ANWELL TECHNOLOGIES has halved its net loss attributable to shareholders to HK$266.2 million for FY2012, compared to a HK$523.8 million loss in FY2011.
FY2012 revenue was down 7.2% year-on-year at HK$1.3 billion. The good news is: Group gross profit margin improved by 7.3 percentage points to 18.5%.
Manufacturing and sales of optical media products such as CD-R and DVD-R continued to drive earnings: Segment contribution to Group revenue was 59.1%.
Gross margins from its optical media segment also improved to 21.8%, up from 0.95% in FY2011, thanks to improved production cost and lower depreciation after impairment made in FY2011.
Solar power business contributed 32.7% to Group revenue.
In FY2012, Anwell forayed into EPC solutions for solar farms in Thailand, a business with relatively good margins compared to distribution or manufacturing exports.
More than half of its solar revenue came from EPC projects in Thailand.
However, solar segment gross margin dropped from 29.5% to 15.5% as the solar industry is in a stage of consolidation.
Manufacturing of media production lines and equipment contributed 8.2% to Group revenue. Equipment segment gross margin remained stable and was 6.5%.
Below is a summary of questions raised at the Group’s FY2012 analyst briefing and the replies provided by executive director Ken Wu.
Q: Why are you ramping up capacity when there is industry consolidation?
The product we intend to produce in the new solar panel factory in Dongguan will be different from our first solar panel factory in Henan.
In Henan, we use amorphous silicon to produce thin film solar panels that have conversion efficiency into electricity of about 9%, which is relatively low.
Although cost of production is low, the low efficiency limits the product's applications.
That's why our solar panel markets are now mainly in low cost countries such as Thailand or India, where land is abundant and labor costs are low.
In high cost countries like US or Europe, amorphous silicon technology may not be applicable.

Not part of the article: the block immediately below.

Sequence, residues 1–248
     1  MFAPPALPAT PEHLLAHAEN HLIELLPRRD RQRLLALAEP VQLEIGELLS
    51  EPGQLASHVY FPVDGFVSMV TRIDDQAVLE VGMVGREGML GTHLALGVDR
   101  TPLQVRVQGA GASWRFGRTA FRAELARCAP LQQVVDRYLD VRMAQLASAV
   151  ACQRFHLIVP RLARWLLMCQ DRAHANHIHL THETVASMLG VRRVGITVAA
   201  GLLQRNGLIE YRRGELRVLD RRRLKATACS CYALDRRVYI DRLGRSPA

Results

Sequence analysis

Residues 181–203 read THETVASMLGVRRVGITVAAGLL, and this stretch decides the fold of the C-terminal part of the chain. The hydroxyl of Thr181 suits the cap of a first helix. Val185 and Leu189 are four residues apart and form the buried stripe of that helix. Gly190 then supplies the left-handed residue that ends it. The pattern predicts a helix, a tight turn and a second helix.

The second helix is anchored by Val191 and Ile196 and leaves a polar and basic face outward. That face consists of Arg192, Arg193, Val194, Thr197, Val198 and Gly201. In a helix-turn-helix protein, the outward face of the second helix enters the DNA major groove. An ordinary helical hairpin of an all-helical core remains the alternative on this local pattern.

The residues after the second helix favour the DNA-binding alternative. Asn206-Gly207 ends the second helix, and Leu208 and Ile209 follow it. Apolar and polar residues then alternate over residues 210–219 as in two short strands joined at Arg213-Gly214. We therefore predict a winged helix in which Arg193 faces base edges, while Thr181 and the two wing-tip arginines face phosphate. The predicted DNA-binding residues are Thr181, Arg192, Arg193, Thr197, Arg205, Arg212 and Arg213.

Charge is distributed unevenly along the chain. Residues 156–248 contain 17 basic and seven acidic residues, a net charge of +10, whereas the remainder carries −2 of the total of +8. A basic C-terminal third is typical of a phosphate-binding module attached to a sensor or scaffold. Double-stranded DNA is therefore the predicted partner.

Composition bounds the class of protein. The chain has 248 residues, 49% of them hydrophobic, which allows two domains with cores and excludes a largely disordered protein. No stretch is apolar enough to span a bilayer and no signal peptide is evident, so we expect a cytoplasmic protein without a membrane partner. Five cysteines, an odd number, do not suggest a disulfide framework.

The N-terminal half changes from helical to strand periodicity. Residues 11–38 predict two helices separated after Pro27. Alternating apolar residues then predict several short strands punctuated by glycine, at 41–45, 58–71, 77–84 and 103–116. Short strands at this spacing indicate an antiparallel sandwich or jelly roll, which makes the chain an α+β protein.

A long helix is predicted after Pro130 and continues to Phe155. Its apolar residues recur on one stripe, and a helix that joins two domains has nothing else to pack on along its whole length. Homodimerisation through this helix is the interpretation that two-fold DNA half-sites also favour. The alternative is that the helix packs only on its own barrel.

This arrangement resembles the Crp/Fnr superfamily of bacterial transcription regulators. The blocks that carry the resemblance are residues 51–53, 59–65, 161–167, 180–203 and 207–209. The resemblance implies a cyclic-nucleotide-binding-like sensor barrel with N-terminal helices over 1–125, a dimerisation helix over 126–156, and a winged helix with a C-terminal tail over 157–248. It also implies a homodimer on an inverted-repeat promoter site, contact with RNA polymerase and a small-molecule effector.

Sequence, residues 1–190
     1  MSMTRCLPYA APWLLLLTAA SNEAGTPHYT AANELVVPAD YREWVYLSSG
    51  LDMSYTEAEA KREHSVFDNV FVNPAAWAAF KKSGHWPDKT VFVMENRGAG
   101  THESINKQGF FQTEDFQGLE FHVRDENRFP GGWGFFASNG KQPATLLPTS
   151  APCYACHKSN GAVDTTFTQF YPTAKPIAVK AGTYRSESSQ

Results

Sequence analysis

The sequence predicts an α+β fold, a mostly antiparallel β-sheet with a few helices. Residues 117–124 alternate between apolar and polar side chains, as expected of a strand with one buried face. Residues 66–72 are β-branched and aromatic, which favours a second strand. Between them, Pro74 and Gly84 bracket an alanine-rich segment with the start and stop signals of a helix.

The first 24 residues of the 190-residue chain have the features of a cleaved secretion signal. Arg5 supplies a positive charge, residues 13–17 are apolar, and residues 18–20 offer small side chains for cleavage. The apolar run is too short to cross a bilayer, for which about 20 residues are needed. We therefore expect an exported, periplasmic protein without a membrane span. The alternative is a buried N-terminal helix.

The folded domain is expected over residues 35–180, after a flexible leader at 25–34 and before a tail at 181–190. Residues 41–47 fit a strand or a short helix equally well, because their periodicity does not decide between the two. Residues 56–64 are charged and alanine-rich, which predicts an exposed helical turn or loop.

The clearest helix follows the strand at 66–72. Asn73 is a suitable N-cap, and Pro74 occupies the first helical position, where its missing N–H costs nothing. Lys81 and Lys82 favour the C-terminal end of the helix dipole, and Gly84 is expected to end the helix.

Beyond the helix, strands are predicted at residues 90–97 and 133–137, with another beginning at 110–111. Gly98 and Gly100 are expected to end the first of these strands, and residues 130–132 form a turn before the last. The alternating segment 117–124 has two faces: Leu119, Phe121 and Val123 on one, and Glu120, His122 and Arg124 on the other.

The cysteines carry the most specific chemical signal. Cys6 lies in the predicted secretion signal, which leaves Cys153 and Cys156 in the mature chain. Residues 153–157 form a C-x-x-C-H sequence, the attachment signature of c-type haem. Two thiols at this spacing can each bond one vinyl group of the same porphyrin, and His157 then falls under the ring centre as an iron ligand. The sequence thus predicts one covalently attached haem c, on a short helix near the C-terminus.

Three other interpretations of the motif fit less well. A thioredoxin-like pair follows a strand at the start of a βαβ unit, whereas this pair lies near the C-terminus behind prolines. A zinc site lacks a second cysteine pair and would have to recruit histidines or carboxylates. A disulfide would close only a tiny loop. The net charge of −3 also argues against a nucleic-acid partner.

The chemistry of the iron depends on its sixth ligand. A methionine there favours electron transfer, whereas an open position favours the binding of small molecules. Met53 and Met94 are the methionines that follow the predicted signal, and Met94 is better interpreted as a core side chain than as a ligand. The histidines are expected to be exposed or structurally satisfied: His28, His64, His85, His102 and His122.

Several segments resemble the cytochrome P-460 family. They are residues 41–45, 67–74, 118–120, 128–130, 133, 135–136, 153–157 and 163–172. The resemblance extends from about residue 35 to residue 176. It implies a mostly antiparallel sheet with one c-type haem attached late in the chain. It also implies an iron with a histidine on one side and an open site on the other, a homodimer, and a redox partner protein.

We are planning to produce high-efficiency products with conversion efficiency of up to 13%.
A better product mix will enable us to penetrate more markets and increase our market share.
This will be produced in Dongguan using technology that we intend to patent.
Q: How will cost structure for the Dongguan factory differ from the Henan factory?
The cost per watt is expected to come down when we eventually achieve better economies of scale at Dongguan.
The cost of solar panels is important as it comprises 40% to 60% of a solar farm project.
As an EPC solutions provider, we have to help customers (investors) lower project cost.
Q: What's going to happen in 2013?
The improvement of our distribution business will depend on our production capacity for solar panels.
In Thailand, we have signed a contract for a 5.5 MW solar farm to be delivered in 3Q2013. We are in talks to secure more EPC contracts. To boost our EPC business, we are also trying to acquire Power Purchase Agreements (PPA) issued by Thai grid companies.
The solar market as a whole is still very tough. Many European manufacturers have exited the industry because of overly high overheads. Nowadays, most solar panels are made in China. The Chinese government is trying to get the industry to consolidate.
In China, availability of bank financing is highly dependent on government policy. Fortunately for us, the government has given clear direction to support selected high-tech companies in renewable energy so that the industry can consolidate.
We are seeing strong demand for solar power in Thailand, India and Japan.
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